On The Washing Post, John Paul Stevens explains the real logic behind the second amendment when it was created: to allow the separate states to create a well-regulated Militia in order to defend themselves if "a national standing army might pose a threat" to their security. That's what the "right of the people to keep and bear Arms" means. Reportedly, however, the understanding of that meaning has changed, thanks in part to special interest groups such as the National Rifle Association.
There is an intriguing similarity between the courts sovereign immunity jurisprudence, which began with a misinterpretation of the 11th Amendment, and its more recent misinterpretation of the Second Amendment. The procedural amendment limiting federal courts jurisdiction over private actions against states eventually blossomed into a substantive rule that treats the common-law doctrine of sovereign immunity as though it were part of the Constitution itself. Of course, in England common-law rules fashioned by judges may always be repealed or amended by Parliament. And when the United States became an independent nation, Congress and every state legislature had the power to accept, to reject or to modify common-law rules that prevailed prior to 1776, except, of course, any rule that might have been included in the Constitution.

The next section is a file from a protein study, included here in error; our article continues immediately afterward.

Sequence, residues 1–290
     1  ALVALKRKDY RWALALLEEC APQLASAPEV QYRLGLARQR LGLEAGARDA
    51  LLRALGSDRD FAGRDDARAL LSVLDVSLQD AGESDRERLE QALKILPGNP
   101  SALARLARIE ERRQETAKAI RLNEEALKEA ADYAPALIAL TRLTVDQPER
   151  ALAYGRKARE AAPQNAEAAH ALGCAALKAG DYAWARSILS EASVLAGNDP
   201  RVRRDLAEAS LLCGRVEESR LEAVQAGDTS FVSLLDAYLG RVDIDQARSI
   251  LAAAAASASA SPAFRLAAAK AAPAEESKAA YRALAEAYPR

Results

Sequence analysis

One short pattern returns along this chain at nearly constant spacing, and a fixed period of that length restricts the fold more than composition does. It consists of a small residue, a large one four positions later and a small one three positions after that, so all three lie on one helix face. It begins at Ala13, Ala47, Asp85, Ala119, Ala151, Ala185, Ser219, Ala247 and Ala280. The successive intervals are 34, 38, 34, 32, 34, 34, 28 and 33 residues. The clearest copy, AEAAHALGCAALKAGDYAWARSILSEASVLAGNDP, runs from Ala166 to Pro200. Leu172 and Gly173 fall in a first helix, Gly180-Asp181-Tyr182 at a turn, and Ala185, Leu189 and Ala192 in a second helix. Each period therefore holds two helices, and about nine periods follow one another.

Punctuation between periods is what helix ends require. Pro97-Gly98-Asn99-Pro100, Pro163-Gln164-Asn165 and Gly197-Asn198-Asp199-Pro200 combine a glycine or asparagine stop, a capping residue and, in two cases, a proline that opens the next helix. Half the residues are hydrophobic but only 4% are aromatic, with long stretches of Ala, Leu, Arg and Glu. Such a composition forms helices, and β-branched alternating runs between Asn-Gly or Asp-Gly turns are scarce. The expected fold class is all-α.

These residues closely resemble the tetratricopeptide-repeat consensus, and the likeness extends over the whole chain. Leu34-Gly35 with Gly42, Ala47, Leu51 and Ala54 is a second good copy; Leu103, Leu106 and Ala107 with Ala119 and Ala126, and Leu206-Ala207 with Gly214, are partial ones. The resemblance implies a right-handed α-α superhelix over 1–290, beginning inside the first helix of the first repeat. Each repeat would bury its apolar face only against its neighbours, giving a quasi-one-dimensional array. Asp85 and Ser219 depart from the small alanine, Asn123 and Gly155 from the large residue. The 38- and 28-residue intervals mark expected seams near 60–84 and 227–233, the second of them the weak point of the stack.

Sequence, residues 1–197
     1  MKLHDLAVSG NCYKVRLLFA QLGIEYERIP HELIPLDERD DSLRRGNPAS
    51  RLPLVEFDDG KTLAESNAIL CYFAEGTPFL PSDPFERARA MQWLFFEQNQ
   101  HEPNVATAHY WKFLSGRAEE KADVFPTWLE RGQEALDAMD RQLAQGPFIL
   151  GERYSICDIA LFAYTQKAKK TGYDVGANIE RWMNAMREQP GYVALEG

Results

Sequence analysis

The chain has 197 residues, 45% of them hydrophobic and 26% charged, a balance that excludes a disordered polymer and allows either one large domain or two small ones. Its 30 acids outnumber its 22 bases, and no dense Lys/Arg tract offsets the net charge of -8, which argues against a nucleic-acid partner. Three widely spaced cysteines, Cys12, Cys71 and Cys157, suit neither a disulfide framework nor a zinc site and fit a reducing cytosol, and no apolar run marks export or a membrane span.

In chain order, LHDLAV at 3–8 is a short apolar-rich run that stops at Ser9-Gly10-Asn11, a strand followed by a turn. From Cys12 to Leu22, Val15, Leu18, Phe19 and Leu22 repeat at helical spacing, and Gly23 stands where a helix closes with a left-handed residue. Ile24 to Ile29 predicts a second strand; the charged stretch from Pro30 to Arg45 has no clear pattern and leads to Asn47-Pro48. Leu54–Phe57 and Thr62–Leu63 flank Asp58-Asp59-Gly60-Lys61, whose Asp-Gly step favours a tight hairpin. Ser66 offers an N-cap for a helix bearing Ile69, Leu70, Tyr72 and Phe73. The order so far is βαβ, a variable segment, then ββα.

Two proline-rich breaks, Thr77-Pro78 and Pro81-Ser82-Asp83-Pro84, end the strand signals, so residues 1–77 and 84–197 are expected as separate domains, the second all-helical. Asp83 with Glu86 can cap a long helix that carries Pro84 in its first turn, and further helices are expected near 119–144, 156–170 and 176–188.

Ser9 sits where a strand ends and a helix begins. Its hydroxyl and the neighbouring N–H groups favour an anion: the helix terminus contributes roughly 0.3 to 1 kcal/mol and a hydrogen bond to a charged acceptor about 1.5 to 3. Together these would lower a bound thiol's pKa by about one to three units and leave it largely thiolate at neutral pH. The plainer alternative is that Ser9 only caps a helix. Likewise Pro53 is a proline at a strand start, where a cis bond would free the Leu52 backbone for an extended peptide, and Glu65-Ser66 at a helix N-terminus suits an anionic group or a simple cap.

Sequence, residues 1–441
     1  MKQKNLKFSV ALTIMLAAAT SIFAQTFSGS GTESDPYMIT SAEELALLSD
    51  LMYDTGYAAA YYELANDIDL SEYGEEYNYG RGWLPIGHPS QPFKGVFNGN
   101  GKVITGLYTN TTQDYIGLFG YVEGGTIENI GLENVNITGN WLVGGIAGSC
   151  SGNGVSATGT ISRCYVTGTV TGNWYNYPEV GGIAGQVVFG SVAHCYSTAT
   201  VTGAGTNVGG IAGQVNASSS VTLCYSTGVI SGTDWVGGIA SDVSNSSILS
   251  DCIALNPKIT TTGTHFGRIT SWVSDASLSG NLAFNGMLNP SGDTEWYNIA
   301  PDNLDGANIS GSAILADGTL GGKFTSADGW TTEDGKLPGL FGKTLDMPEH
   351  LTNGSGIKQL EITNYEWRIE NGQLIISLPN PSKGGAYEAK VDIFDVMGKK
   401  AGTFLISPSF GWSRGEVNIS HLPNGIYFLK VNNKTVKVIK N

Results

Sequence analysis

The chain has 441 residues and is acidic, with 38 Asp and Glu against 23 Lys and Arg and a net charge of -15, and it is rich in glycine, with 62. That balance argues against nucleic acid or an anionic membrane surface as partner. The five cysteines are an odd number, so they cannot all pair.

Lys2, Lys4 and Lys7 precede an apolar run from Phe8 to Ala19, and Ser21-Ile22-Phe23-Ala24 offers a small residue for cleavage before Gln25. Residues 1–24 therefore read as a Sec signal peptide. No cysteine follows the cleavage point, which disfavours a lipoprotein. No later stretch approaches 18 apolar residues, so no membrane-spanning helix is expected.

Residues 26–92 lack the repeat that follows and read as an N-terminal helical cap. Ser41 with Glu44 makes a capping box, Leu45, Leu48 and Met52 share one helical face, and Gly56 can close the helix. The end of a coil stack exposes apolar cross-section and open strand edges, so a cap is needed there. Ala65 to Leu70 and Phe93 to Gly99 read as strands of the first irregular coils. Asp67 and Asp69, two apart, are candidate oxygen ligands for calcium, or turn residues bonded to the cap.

The Second Amendment expressly endorsed the substantive common-law rule that protected the citizens right (and duty) to keep and bear arms when serving in a state militia. In its decision in Heller, however, the majority interpreted the amendment as though its draftsmen were primarily motivated by an interest in protecting the common-law right of self-defense. But that common-law right is a procedural right that has always been available to the defendant in criminal proceedings in every state. The notion that the states were concerned about possible infringement of that right by the federal government is really quite absurd.
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